Bug 39194 - running anaconda bad argument --overhead unknown option
Summary: running anaconda bad argument --overhead unknown option
Alias: None
Product: Red Hat Linux
Classification: Retired
Component: anaconda
Version: 7.1
Hardware: i386
OS: Linux
Target Milestone: ---
Assignee: Brent Fox
QA Contact: Brock Organ
Depends On:
TreeView+ depends on / blocked
Reported: 2001-05-05 08:21 UTC by rich van steenberg
Modified: 2007-04-18 16:33 UTC (History)
0 users

Clone Of:
Last Closed: 2001-05-20 17:22:10 UTC

Attachments (Terms of Use)

Description rich van steenberg 2001-05-05 08:21:59 UTC
From Bugzilla Helper:
User-Agent: Mozilla/4.0 (compatible; MSIE 5.5; Windows NT 5.0)

Description of problem:
mounts ramdisk then says 
running anaconda bad argument --overhead unknown option
exits install

How reproducible:

Steps to Reproduce:
1.restart install

Actual Results:  mounts ramdisk then says 
running anaconda bad argument --overhead unknown option
exits install

Expected Results:  correct full install

Additional info:

Comment 1 Brent Fox 2001-05-06 00:01:43 UTC
Are you passing in any boot options in or are you just booting off the cd and
pressing <Enter>?

Comment 2 rich van steenberg 2001-05-06 00:08:05 UTC
i created a bootnet.img install disk. i then run an ftp install from the web.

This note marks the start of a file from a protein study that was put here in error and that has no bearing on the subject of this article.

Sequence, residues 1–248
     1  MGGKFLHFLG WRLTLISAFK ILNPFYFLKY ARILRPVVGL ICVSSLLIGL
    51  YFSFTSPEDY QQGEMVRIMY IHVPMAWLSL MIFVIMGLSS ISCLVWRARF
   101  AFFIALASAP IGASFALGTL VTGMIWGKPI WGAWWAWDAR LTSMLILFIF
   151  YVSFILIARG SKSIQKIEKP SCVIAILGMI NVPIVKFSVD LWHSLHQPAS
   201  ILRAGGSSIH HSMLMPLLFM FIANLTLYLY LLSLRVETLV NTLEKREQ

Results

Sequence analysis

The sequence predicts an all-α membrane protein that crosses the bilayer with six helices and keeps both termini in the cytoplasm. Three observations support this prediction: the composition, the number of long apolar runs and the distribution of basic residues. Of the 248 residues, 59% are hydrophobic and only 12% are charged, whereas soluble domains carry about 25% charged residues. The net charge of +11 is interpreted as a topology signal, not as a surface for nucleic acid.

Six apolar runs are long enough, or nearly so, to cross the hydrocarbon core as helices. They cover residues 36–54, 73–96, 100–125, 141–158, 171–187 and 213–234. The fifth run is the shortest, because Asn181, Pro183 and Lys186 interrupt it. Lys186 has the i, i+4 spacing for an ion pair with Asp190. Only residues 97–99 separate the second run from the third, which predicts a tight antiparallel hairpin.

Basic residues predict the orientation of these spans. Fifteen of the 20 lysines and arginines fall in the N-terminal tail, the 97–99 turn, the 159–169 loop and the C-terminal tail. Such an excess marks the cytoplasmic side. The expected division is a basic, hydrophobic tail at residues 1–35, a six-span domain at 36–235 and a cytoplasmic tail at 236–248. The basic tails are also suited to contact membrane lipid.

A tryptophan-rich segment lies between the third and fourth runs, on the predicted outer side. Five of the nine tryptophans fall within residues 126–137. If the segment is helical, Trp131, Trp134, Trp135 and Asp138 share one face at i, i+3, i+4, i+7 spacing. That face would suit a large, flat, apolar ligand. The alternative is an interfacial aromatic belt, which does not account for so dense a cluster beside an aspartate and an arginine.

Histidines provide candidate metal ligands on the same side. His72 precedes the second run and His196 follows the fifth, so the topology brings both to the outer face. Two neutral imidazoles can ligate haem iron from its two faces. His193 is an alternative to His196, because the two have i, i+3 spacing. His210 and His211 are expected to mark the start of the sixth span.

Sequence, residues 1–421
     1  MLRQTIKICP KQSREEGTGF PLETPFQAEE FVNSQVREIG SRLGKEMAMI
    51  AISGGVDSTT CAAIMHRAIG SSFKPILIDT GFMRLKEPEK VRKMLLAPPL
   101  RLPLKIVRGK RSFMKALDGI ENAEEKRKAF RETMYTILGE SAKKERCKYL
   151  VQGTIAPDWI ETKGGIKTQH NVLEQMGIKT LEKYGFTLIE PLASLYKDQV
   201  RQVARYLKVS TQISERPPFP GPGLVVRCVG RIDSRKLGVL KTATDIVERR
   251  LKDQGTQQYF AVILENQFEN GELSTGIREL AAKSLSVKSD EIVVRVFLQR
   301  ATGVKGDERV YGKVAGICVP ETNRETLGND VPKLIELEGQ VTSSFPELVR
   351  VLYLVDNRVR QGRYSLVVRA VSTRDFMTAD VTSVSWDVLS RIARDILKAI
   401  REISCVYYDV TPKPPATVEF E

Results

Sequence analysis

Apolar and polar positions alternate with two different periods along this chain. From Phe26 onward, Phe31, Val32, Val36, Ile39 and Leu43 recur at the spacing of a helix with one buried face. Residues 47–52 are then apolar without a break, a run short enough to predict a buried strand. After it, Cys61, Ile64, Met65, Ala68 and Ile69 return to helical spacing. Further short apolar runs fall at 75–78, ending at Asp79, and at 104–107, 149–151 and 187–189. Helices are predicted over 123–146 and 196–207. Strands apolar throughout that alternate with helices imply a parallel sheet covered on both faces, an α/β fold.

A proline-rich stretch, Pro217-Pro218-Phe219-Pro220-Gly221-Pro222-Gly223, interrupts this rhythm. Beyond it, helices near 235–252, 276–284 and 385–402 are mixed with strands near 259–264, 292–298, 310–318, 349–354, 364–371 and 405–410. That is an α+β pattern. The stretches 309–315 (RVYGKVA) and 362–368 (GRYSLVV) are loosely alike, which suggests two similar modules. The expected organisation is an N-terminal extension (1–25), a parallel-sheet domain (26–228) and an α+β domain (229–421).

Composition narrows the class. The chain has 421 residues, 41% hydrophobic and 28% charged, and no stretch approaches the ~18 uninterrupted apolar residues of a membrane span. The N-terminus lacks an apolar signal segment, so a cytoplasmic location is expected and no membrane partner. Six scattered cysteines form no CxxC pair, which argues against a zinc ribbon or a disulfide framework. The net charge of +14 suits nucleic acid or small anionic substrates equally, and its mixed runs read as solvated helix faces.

when the routine starts it mounts a ramdisk and then it transfers from the blue 
screen to a black text srcreen and appears to call either anaconda or anaconda 
runtime? It them returns the --overhead unknown option - I am not passing it 
any options -

Comment 3 Brent Fox 2001-05-07 15:25:50 UTC
Can you post the contents of the syslinux.cfg file on the boot floppy that you
are using?  Something sounds very strange here.  Also, did you try installing
from a different ftp site?

Comment 4 rich van steenberg 2001-05-10 06:40:39 UTC
I did a dd if=bootnet.img of=/dev/fd0, then i ran the install.
when i put the boot disk in a different 7.0 box, mount /dev/fdo, cd fd and do a 
ls -la it doesn't show a syslinux.cfg file

Comment 5 Brent Fox 2001-05-10 15:40:13 UTC
Ok, something is horribly wrong with your boot disk.  If there's no syslinux.cfg
file, I'm amazed that the system even boots.  I did a little experimenting by
making a bootnet.img boot disk and then I removed the syslinux.cfg file.  When I
rebooted the system, I get the syslinux prompt followed by a message:
"Could not find kernel image: linux"

Sounds like something is wrong with your installation media, since it looks like
you made the boot disk correctly...something else must be wrong with the
bootnet.img itself.

Comment 6 Brent Fox 2001-05-20 17:22:06 UTC
User-Agent: Mozilla/4.0 (compatible; MSIE 5.5; Windows NT 5.0)

Comment 7 Brent Fox 2001-05-20 17:23:51 UTC
Closing due to inactivity. Please reopen if you have more information.

Note You need to log in before you can comment on or make changes to this bug.